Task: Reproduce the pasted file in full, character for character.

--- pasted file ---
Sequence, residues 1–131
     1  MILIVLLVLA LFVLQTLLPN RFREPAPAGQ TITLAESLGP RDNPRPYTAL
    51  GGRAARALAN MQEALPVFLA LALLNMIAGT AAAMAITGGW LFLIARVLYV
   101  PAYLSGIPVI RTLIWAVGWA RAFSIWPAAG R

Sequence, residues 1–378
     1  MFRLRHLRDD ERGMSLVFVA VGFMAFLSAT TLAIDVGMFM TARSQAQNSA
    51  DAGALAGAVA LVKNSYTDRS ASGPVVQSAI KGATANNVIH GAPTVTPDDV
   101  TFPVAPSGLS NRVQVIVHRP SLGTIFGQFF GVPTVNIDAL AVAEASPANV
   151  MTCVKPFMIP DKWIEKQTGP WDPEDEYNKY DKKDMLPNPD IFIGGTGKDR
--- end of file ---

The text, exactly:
Sequence, residues 1–131
     1  MILIVLLVLA LFVLQTLLPN RFREPAPAGQ TITLAESLGP RDNPRPYTAL
    51  GGRAARALAN MQEALPVFLA LALLNMIAGT AAAMAITGGW LFLIARVLYV
   101  PAYLSGIPVI RTLIWAVGWA RAFSIWPAAG R

Sequence, residues 1–378
     1  MFRLRHLRDD ERGMSLVFVA VGFMAFLSAT TLAIDVGMFM TARSQAQNSA
    51  DAGALAGAVA LVKNSYTDRS ASGPVVQSAI KGATANNVIH GAPTVTPDDV
   101  TFPVAPSGLS NRVQVIVHRP SLGTIFGQFF GVPTVNIDAL AVAEASPANV
   151  MTCVKPFMIP DKWIEKQTGP WDPEDEYNKY DKKDMLPNPD IFIGGTGKDR